Bill Peckmann &Books &Illustration 07 Dec 2012 06:52 am

Raymond Briggs’ Father Christmas

In 1973 Raymond Briggs did this eccentric telling of Father Christmas, treating him as you would a real person. The book is funny, and John Coates followed up his adaptation of Briggs’ Snowman book into animation by doing this book as a video. It was almost as successful as The Snowman, though not quite. It relied on a different form of humor.

The film, Father Christmas, was released in 1997 and was nicely directed by Dave Unwin with a tour de force performance by Mel Smith as Father Christmas. However, watch out for later versions that use William Dennis Hunt as the VO character, they’ve taken all the purposeful darkness out of the character and have sanitized it to within an inch of its life.

However, the original Raymond Briggs book still exists, and that’s what Bill Peckmann has forwarded onto me, and I present it happily.



















As a follow-up here’s a piece Bill found about Raymond Briggs:


(Click any image to enlarge.)

Ernest Briggs on his milk float.


5 Responses to “Raymond Briggs’ Father Christmas”

  1. on 07 Dec 2012 at 9:56 am 1.Elliot Cowan said …

    This was a favorite when I was in primary school.
    There’s a funny sequel too, Father Christmas on Holiday, or something like that.
    It includes a scene of Santa on the toilet which we all thought was hilarious.

  2. on 07 Dec 2012 at 12:12 pm 2.Stephen Macquignon said …

    I love the book putting on my wish list just great

  3. on 07 Dec 2012 at 1:14 pm 3.Suzanne Wilson said …

    It’s like receiving a wonderful Christmas card! The Best–absolutely charming and atmospheric!

  4. on 07 Dec 2012 at 5:48 pm 4.the Gee said …


    I was unfamiliar with this.

    Just yesterday I was trying to explain to someone how important layout and panels are to comic book storytelling. I just the aspect of pacing because too much could be said, ya know.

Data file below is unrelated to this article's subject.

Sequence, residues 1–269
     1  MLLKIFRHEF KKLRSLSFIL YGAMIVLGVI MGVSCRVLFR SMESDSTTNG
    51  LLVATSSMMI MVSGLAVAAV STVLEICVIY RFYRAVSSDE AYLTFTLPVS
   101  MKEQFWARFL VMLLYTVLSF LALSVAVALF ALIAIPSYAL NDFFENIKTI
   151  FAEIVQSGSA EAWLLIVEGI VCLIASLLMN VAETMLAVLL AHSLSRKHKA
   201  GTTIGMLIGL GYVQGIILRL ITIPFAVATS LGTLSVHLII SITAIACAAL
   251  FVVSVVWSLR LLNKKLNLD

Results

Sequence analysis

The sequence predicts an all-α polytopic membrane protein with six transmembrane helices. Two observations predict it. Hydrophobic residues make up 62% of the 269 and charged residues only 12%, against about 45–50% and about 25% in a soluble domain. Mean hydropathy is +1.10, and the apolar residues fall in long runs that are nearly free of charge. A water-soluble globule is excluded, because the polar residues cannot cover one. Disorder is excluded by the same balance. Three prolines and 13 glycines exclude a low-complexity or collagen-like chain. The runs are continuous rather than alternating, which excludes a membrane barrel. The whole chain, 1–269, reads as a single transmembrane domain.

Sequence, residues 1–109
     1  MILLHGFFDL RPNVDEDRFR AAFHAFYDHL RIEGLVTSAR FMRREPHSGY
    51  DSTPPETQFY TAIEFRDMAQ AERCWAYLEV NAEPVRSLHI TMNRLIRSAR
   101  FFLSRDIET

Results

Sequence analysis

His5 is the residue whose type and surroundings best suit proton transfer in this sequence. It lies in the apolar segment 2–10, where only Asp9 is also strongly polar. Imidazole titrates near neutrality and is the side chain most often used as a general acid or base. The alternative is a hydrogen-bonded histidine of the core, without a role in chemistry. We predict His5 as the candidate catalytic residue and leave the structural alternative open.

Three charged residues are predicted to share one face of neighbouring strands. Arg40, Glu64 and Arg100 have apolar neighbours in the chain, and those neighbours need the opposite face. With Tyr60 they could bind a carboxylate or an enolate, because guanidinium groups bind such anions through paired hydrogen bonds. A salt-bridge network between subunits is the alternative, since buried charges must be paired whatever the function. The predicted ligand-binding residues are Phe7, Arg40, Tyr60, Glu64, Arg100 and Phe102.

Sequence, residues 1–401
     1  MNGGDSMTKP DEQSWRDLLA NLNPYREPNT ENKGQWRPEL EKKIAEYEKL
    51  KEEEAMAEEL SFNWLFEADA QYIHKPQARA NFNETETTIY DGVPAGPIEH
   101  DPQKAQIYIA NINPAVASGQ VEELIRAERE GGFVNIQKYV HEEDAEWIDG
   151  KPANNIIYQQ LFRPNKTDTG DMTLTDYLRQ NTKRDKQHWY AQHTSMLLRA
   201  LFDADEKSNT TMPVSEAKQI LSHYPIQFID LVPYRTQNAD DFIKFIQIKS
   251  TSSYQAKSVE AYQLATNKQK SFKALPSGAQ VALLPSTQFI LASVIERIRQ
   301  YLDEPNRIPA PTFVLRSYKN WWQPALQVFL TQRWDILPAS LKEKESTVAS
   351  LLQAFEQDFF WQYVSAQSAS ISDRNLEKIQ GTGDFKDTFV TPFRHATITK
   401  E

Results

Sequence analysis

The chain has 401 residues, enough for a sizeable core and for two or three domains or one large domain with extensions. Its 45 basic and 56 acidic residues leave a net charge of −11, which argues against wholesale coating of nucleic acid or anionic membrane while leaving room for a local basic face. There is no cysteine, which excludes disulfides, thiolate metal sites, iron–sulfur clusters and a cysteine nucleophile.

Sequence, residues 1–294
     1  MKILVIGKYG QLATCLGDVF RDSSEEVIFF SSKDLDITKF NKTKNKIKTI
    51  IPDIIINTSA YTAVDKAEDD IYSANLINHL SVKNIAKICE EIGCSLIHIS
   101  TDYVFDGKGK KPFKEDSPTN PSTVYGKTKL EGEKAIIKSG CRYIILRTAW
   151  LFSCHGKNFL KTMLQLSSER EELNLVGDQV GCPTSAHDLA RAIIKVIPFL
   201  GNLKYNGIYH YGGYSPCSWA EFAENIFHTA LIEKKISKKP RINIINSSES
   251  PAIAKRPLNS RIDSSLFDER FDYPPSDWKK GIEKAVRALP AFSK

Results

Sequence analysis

In this book, two things about 2 mirrored, double paged spreads.

    Pages 10 and 19: Where the sleigh is crossing the sky in four panels.

    In the first one, he chooses to make the sleigh’s bundle and the reindeer blend into the rainy sky. That’s interesting. Because it is looks like, for that moment, it is just Santa, completely exposed by himself. Pretty cool.

    In number 19, he chooses to mirror the previous sequence yet Santa is headed in the same direction. I find that curious. Unless my dyslexia is kicking in, isn’t he depicting Santa going South as the sun rises? I guess that is intentional. But, I’m not sure if it is the right way to show it. I’ll cut it slack as him taking artistic license.

    Beautiful stuff. Heckuva way to tell the story. Like his attitude.

  5. on 28 Dec 2012 at 10:21 pm 5.Chris Sobieniak said …

    The TV special that John Coates and TVC produced in the 90′s combined both books into one half-hour special (“Father Christmas” and “Father Christmas Goes On Holiday”). I enjoyed Briggs’ take on making the guy as normal and possibly as mortal as we. He has bills to pay, pets to tend to, goes on holidays, gets sick and uses the bathroom like all of us.

    The “US version” with William Dennis Hunt is sorely hurt with the change in the voice as well as some scenes that were cut like Father Christmas’ nightmarish dream out in the French countryside. While “The Snowman” leaves me with tears of sadness for how the story ends, “Father Christmas” brings the happiness back right away.

    Incidentally Mel Smith once got to intro the 20th anniversary release of “The Snowman” as Father Christmas getting ready to watch the film in his home (though the original intro was my favorite of that special). Most recently the ol’ guy showed up in a Kitkat advertisement as well. They did a fine job on this I thought…

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